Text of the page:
Eau Claire, WI (Special to Informed Comment) – On July 11, the New York Times reported on the Iran-China new economic and security partnership, detailed in an 18-page proposed agreement, that would clear the way for billions of dollars of Chinese investments in energy and other sectors. The proposed 25-year roadmap between Iran and China is titled “Comprehensive Strategic Partnership between the I.R. Iran and P.R. China” and in its opening statement says: “Two ancient Asian cultures, two partners in the sectors of trade, economy, politics, culture, and security with a similar outlook and many mutual bilateral and multilateral interests will consider one another strategic partners.”
The partnership would vastly expand Chinese presence in banking, telecommunications, ports, railways, and dozens of other projects. In exchange, China would receive a regular and discounted supply of Iranian oil over the next 25 years. The document also describes deepening military cooperation, potentially giving China a foothold in a region through joint training and exercises, joint research and weapons development, and intelligence sharing. All this would then undercut the Trump administration’s efforts to isolate the Iranian government because of its nuclear and military aspirations. It has been argued that “even the partial implementation of a Chinese-Iranian strategic partnership would signal a major escalation in the U.S. strategic competition with China and blow a hole in the administration’s “maximum pressure” campaign against Iran at the same time.”
The reaction to the deal from inside Iran and the outside have been varied, pending on the ideological and political foundations of such opposition. The Iranian groups and individuals opposing the Islamic Republic establishment have been swift to label the deal as one of the sell-outs to the Chinese at the expense of Iran’s national interest but to the benefit of the ruling regime. The U.S. State Department for its part referred to the planned agreement as a “second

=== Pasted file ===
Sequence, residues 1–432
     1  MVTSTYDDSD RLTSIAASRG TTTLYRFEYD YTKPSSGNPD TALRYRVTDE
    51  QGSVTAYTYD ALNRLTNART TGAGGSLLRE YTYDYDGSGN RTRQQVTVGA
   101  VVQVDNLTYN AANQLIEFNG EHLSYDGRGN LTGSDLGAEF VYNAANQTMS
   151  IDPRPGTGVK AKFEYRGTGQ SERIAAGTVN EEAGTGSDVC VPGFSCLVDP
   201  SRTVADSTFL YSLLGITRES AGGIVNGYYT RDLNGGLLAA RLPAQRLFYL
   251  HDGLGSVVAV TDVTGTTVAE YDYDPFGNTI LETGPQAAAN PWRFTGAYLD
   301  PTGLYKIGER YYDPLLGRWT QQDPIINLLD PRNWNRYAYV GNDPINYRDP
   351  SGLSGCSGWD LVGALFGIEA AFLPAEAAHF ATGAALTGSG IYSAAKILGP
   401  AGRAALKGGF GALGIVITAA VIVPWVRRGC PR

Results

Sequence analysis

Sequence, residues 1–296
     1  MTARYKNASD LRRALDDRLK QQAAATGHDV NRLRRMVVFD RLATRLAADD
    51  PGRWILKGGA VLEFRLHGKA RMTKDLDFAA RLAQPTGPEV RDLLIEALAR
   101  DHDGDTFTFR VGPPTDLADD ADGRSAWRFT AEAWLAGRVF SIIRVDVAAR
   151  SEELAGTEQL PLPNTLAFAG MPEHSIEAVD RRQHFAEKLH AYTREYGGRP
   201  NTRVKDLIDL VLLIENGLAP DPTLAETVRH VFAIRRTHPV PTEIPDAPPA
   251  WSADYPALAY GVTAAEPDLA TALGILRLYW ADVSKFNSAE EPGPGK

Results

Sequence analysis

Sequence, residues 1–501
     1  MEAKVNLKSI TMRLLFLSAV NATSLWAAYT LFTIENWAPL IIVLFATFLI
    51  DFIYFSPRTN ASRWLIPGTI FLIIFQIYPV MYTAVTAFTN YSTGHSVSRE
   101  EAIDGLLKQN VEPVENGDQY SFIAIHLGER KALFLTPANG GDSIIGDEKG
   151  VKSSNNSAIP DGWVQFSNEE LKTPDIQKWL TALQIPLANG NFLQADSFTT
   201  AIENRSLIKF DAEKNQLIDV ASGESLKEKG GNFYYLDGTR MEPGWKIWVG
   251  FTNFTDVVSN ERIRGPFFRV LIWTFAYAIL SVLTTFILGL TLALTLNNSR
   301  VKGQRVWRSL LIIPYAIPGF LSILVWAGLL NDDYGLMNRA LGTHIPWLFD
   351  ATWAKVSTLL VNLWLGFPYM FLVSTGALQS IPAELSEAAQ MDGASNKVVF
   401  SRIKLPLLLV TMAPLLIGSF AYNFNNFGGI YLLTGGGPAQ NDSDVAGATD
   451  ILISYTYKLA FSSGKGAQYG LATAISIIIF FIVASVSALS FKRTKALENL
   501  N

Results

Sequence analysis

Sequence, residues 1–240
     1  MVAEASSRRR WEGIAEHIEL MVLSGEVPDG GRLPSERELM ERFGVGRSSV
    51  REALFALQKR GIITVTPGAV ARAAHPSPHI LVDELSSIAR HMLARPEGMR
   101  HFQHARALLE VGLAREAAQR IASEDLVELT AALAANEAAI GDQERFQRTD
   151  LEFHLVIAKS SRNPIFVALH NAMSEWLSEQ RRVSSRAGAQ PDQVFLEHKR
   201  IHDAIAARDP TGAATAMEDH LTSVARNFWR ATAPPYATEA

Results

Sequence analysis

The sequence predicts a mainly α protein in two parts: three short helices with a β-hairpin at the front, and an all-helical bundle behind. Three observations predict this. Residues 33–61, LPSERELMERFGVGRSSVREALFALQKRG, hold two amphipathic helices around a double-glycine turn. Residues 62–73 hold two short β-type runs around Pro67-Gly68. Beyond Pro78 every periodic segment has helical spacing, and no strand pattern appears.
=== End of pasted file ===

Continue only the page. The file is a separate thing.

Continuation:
The Iranian leadership is accused of being afraid to share the details of the pact because “no part of it is beneficial to the Iranian people.” Inside Iran, former President Mahmud Ahmadinejad warned in a speech in late June that a 25-year agreement with “a foreign country” was being discussed “away from the eyes of the Iranian nation,” and former conservative lawmaker Ali Motahari, suggested on Twitter that before signing the pact Iran should elevate the fate of Muslims who are reportedly being persecuted in China. There are also hundreds of touted commentaries and video-clips on social media platforms, harshly condemning Iran’s political leadership of treason for ‘leasing and surrendering its sovereignty’ over the Persian Gulf Kish Island.
The details of the deal are yet to be published and the Iranian Parliament must debate and vote on the matter. President Hassan Rouhani’s chief of staff, Mahmud Vaezi, has reiterated that the framework of the agreement has been defined, adding that the negotiations are likely to be finalized by March 2021. Vaezi has also said the agreement does not include foreign control over any Iranian islands or the deployment of Chinese military forces in the country.
The debate inside Iran over the effect of US sanctions only exposes the divergent interests of the ‘pro-west’ and the ‘pro-east’ camps. The structure, organization and the future direction of Iran’s economy have been vehemently debated since the advent of the revolution. The debate is largely between ‘the private-marketeers’ and those favoring a more ‘state-dominated’ economy. Successive Iranian governments have followed domestic and foreign policies, always coming under attack as being either ‘pro-market’ and ‘pro-west,’ e.g., President Rafsanjani’s tenure, or as dominated by populist ideas and policies conceived as detrimental to sound political economy, e.g., President Ahmadinejad’s tenure. These camps regard themselves as either ‘conservative’ or ‘reformist’ but without clear delineations over policy choices and recommendations in tackling development challenges and social ills.